Once you’ve narrowed down your search to a handful of agents, schedule individual appointments so you can evaluate them face-to-face.

“You want to interview them as if you’re interviewing them for a job, because that’s basically what you’re doing,” Hahn says. “There’s a lot of money involved. You take your typical 6 percent commission on a $200,000 house, and the Realtor’s going to make $12,000. So you have the right to ask a few questions.”

Not sure what to ask? Try these suggestions from Iverson Moore, spokesman for the National Association of Realtors:
–How long have you been in residential real estate sales?
–Is it your full-time job?
–How many homes did you and your real estate brokerage sell last year?
–How many days did it take you to sell the average home? How did that compa
re to the overall market?
–How close to the initial asking prices of the homes you sold were the final sale prices?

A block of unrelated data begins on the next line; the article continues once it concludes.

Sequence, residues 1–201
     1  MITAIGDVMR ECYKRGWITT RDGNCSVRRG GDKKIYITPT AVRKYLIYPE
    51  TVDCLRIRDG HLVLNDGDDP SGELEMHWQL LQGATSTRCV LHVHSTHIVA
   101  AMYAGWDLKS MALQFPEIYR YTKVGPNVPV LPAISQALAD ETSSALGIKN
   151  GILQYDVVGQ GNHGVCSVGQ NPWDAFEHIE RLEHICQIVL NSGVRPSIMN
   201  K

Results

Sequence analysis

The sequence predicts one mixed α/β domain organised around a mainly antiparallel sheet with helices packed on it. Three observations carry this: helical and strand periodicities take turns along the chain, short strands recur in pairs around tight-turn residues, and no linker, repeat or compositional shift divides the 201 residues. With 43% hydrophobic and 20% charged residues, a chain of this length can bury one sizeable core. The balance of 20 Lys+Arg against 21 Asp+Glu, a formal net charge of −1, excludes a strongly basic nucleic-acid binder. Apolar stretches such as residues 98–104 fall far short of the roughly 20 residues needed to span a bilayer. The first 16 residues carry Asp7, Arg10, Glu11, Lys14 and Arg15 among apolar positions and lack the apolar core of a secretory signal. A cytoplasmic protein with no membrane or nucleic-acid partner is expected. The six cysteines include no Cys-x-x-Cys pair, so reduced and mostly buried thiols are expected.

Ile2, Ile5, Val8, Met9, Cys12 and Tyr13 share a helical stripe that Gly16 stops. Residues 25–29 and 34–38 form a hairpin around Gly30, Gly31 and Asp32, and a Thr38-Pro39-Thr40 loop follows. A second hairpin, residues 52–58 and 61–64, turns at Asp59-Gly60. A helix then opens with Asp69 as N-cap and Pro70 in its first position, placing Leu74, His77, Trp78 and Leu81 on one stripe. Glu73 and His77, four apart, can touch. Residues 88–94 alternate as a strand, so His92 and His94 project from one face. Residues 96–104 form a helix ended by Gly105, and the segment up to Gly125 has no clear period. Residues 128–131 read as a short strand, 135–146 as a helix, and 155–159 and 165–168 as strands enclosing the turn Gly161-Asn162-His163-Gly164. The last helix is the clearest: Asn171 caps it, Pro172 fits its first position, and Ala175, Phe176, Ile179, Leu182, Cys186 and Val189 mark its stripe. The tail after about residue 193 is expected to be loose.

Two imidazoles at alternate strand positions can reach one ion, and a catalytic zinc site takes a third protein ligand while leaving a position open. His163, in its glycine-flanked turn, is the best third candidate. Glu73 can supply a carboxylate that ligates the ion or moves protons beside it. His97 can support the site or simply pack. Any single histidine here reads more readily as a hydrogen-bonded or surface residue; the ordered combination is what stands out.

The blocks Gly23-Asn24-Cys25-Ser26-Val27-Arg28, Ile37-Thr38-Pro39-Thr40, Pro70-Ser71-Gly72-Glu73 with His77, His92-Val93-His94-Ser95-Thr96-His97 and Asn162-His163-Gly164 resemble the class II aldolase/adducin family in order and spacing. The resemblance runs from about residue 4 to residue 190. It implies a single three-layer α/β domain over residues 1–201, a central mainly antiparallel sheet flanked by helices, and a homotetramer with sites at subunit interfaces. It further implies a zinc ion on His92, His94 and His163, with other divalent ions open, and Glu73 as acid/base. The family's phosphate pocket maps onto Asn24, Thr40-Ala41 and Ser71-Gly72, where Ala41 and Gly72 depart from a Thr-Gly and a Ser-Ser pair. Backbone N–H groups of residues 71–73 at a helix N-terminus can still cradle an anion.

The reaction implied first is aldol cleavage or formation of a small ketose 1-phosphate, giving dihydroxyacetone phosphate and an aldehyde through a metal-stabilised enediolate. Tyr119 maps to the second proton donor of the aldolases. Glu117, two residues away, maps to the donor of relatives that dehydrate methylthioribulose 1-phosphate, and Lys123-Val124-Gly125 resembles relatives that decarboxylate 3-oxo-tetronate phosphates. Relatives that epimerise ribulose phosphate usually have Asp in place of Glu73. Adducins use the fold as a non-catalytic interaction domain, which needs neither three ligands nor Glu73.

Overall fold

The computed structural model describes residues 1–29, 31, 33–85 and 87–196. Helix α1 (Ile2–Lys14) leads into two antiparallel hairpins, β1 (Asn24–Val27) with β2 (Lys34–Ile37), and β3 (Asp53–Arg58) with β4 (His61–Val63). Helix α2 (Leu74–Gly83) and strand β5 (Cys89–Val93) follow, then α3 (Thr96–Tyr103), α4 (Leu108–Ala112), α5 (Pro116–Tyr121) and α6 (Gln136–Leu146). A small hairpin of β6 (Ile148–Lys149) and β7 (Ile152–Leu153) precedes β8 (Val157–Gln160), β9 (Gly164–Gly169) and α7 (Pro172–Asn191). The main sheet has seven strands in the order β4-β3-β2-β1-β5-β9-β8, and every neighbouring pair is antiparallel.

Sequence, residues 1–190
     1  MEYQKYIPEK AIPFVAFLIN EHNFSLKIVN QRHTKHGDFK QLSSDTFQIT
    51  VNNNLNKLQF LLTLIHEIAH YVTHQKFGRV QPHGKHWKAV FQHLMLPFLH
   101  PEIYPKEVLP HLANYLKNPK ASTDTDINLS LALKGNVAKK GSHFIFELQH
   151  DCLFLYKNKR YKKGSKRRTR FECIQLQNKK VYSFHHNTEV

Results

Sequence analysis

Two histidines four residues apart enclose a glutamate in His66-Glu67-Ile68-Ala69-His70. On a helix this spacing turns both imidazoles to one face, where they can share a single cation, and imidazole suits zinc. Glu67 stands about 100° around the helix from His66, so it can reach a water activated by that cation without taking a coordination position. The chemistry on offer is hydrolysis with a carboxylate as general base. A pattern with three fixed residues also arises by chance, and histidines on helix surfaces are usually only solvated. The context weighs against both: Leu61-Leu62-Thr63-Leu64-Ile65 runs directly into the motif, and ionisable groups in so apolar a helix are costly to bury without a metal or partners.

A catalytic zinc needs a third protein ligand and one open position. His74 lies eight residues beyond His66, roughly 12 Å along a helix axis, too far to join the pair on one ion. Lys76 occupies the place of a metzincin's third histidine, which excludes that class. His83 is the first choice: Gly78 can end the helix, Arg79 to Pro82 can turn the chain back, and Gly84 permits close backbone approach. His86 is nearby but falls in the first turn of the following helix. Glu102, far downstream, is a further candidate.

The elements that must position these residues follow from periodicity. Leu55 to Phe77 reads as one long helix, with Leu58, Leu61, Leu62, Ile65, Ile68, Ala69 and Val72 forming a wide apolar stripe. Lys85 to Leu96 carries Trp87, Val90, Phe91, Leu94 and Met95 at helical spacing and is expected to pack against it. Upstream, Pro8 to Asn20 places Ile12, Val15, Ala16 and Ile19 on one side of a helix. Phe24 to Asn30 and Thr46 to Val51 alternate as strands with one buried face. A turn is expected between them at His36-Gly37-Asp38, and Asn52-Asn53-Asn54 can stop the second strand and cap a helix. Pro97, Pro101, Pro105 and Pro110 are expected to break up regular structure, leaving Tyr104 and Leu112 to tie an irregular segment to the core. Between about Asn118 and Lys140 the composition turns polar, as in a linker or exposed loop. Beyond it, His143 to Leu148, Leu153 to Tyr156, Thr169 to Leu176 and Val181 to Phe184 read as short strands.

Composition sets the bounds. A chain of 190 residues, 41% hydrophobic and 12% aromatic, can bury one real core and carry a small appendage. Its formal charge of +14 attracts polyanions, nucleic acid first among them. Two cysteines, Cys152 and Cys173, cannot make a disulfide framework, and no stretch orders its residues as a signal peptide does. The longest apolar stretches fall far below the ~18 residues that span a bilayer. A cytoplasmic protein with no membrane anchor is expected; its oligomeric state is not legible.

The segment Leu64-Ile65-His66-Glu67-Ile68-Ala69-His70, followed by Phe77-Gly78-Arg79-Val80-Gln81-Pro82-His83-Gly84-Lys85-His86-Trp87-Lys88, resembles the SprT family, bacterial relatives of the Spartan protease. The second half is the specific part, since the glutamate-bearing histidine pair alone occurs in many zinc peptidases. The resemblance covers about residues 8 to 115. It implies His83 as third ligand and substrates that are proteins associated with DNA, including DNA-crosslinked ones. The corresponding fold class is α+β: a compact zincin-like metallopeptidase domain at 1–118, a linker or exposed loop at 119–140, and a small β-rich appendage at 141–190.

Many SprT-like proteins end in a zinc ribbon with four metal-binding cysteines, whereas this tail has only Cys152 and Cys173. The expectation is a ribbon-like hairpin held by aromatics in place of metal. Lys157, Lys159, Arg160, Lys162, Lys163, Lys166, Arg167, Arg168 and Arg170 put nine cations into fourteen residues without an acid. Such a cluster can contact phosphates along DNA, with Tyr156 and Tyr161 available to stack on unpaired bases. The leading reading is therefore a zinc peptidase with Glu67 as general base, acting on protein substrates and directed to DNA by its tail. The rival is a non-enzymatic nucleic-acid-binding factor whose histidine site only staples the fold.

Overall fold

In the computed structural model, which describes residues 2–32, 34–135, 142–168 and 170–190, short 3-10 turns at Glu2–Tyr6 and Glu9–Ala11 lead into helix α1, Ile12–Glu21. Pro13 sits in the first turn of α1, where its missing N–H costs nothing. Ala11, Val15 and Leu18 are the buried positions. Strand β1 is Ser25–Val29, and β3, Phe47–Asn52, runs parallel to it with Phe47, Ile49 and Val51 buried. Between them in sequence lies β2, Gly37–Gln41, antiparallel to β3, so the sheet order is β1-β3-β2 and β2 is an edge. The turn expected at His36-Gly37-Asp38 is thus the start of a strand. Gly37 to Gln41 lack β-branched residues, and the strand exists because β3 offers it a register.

–Will you represent me exclusively, or will you represent both the buyer and the seller in the transaction?
–Can you recommend service providers who can help me obtain a mortgage, make home repairs and help with other things I need done?
–What type of support and supervision does your brokerage office provide to you?
–How will you keep me informed about the progress of my transaction? How frequently?
–Could you please give me the names and phone numbers of your three most recent clients?

You may interview a real estate agent who seems competent and experienced and has a great marketing plan, but if you just don’t like or trust him, you shouldn’t hire him.

“When you hire a Realtor, you’re adopting them into your family, so you have to make sure their personality fits,” Ross says. “Do you want this person in your home every day for the next however many months your house is on the market?”

Bottom line: trust your instincts. The agent you choose will represent you and your home to the world, so hire someone you can comfortably entrust with that job.
(From Frontdoor.com)